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ivan08urbieta

7 years agoPosted 7 years ago. Direct link to ivan08urbieta's post “Which parameter is then b...”

Which parameter is then better to evaluate the fit of a line to a data set? the correlation coefficient (r) or the coefficient of determination (r2)?

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(26 votes)

Nahuel Prieto

7 years agoPosted 7 years ago. Direct link to Nahuel Prieto's post “The short answer is this:...”

The short answer is this: In the case of the Least Squares Regression Line, according to traditional statistics literature, the metric you're looking for is r^2.

Longer answer:

IMHO, neither r o r^2 are the best for this. In the case of r, it is calculated using the Standard Deviation, which itself is a statistic that has been long put to doubt because it squares numbers just to remove the sign and then takes a square root AFTER having added those numbers, which resembles more an Euclidean distance than a good dispersion statistic (it introduces an error to the result that is never fully removed). Here is a paper about that topic presented at the British Educational Research Association Annual Conference in 2004: https://www.leeds.ac.uk/educol/documents/00003759.htm .If we used the MAD (mean absolute deviation) instead of the standard deviation to calculate both r and the regression line, then the line, as well as r as a metric of its effectiveness, would be more realistic, and we would not even need to square r at all.

This is a very extensive subject and there are still lots of different opinions out there, so I encourage other people to complement my answer with what they think.

Hope you found my answer helpful or at least interesting.

Cheers!

(118 votes)

morecmy

5 years agoPosted 5 years ago. Direct link to morecmy's post “what's the difference bet...”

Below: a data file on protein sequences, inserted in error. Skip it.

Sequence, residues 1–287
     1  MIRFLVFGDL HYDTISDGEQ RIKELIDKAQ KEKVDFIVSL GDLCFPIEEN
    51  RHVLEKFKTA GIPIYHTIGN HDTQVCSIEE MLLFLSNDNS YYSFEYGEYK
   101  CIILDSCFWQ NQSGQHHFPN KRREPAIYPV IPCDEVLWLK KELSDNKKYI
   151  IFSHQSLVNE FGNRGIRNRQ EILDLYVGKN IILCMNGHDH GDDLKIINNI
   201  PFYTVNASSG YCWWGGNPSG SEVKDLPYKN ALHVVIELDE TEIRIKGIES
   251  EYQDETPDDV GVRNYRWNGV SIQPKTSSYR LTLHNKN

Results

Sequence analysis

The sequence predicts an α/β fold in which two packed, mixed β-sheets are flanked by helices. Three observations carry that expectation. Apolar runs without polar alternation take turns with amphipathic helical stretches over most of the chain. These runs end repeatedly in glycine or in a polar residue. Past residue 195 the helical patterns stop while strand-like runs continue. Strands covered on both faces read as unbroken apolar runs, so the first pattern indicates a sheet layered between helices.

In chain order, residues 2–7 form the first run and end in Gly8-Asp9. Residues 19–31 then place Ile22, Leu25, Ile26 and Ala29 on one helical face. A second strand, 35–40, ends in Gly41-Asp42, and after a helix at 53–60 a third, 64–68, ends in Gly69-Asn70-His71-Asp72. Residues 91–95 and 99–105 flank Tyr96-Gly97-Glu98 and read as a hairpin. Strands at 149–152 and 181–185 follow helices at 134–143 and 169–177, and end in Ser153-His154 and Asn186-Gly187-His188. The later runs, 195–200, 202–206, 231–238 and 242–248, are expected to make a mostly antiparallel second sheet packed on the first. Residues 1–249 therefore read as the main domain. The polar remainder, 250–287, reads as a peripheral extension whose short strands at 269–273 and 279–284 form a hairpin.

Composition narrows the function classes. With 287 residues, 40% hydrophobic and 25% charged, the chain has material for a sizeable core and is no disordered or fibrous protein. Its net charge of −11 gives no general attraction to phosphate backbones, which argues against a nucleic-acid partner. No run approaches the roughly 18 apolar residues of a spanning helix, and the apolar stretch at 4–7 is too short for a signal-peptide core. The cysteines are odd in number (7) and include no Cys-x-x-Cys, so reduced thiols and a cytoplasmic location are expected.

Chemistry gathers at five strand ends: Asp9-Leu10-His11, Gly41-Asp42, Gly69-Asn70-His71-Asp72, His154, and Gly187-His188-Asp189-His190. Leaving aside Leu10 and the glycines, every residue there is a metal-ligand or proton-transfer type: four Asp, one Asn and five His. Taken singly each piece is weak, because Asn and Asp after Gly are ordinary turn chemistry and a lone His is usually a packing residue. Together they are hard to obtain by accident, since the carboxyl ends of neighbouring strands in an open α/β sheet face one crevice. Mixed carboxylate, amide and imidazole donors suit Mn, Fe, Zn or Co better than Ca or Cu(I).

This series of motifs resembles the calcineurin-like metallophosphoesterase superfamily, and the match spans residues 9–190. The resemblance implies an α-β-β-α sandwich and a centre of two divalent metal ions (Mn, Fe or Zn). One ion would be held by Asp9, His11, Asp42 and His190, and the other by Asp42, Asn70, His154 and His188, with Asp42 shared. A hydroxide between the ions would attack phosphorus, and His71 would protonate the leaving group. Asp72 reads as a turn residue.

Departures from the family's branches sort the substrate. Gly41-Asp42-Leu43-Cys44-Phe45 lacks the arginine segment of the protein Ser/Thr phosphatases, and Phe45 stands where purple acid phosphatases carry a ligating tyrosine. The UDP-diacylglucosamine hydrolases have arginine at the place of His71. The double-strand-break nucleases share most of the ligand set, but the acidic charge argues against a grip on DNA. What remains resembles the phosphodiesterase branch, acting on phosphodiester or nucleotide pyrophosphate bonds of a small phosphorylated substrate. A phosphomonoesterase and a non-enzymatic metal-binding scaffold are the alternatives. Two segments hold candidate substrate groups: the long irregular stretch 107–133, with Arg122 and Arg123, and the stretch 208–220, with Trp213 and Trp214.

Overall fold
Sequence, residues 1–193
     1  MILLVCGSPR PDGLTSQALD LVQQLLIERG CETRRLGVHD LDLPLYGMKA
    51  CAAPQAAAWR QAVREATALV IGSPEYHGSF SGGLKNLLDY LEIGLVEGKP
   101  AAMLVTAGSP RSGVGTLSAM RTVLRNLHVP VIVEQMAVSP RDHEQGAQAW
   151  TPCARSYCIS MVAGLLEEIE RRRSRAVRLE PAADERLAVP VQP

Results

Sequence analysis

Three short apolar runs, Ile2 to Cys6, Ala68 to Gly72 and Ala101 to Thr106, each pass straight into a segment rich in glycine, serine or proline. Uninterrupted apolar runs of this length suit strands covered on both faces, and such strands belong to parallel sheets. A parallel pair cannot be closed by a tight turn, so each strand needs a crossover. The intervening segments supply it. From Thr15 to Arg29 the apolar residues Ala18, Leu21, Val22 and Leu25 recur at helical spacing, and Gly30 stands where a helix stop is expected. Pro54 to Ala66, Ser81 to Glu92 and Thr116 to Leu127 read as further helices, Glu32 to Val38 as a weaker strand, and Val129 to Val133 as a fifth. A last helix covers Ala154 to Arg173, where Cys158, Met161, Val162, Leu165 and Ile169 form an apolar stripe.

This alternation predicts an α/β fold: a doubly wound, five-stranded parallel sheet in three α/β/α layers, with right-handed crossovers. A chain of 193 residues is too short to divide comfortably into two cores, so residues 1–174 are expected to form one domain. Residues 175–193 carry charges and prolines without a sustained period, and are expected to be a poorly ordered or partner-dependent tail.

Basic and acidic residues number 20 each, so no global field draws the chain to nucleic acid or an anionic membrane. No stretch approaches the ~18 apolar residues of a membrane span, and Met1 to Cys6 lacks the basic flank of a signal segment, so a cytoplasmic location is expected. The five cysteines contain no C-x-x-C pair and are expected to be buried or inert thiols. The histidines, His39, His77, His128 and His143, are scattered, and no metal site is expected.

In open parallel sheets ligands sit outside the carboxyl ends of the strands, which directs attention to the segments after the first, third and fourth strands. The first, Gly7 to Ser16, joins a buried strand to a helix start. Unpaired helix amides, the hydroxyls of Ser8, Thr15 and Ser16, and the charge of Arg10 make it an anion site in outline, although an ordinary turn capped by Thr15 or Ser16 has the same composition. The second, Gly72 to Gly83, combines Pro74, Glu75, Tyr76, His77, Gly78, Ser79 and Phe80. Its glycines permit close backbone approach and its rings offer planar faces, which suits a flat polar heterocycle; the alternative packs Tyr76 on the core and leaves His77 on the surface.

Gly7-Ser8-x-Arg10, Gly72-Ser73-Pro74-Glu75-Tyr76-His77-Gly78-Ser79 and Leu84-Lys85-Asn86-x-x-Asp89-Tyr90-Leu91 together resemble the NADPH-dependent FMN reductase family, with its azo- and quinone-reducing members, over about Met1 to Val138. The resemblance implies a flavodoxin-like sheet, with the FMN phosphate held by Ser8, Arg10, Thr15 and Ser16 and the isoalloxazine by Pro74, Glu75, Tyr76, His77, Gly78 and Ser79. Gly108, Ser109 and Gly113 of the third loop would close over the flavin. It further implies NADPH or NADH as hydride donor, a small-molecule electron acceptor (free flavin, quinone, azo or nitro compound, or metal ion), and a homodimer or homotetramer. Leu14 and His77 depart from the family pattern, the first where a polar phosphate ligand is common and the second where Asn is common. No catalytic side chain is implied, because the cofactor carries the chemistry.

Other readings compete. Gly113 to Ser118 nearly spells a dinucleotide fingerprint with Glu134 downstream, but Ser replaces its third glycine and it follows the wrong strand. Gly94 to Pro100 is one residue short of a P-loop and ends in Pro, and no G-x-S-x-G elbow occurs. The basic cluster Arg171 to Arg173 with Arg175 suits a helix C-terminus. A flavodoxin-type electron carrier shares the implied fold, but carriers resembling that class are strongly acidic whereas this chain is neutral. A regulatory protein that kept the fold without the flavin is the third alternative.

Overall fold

what's the difference between R-squared and the total sum of squared residual?

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(9 votes)

Shannon Hegewald

3 years agoPosted 3 years ago. Direct link to Shannon Hegewald's post “They lost me at the squar...”

They lost me at the squares

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(7 votes)

deka

2 years agoPosted 2 years ago. Direct link to deka's post “don't worry about them to...”

don't worry about them too much

they're simply a visualization of squaring numbers then summing them like 3^2 + 7^2 + 13^2 to assess how far they are from a regression line(5 votes)

Maryam Azmat

6 years agoPosted 6 years ago. Direct link to Maryam Azmat's post “If you have two models of...”

If you have two models of a set of data, a linear model and a quadratic model, and you have worked out the R-squared value through linear regression, and are then asked to explain what the R-squared value of the quadratic model is, without using any figures, what would this explanation be?

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(2 votes)

Ian Pulizzotto

6 years agoPosted 6 years ago. Direct link to Ian Pulizzotto's post “A quadratic model has one...”

A quadratic model has one extra parameter (the coefficient on x^2) compared to a linear model. Therefore, the quadratic model is either as accurate as, or more accurate than, the linear model for the same data. Recall that the stronger the correlation (i.e. the greater the accuracy of the model), the higher the R^2. So the R^2 for the quadratic model is greater than or equal to the R^2 for the linear model.